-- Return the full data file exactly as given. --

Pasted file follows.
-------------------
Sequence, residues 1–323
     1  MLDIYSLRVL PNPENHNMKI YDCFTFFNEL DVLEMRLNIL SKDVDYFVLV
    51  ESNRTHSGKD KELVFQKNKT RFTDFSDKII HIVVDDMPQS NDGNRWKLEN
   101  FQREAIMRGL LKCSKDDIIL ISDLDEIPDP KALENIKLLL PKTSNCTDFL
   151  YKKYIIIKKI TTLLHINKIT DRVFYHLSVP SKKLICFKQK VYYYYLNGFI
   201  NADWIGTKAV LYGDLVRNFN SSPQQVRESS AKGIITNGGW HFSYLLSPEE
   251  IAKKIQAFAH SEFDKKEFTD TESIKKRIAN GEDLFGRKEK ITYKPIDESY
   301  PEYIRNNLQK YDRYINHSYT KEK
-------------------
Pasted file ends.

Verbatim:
Sequence, residues 1–323
     1  MLDIYSLRVL PNPENHNMKI YDCFTFFNEL DVLEMRLNIL SKDVDYFVLV
    51  ESNRTHSGKD KELVFQKNKT RFTDFSDKII HIVVDDMPQS NDGNRWKLEN
   101  FQREAIMRGL LKCSKDDIIL ISDLDEIPDP KALENIKLLL PKTSNCTDFL
   151  YKKYIIIKKI TTLLHINKIT DRVFYHLSVP SKKLICFKQK VYYYYLNGFI
   201  NADWIGTKAV LYGDLVRNFN SSPQQVRESS AKGIITNGGW HFSYLLSPEE
   251  IAKKIQAFAH SEFDKKEFTD TESIKKRIAN GEDLFGRKEK ITYKPIDESY
   301  PEYIRNNLQK YDRYINHSYT KEK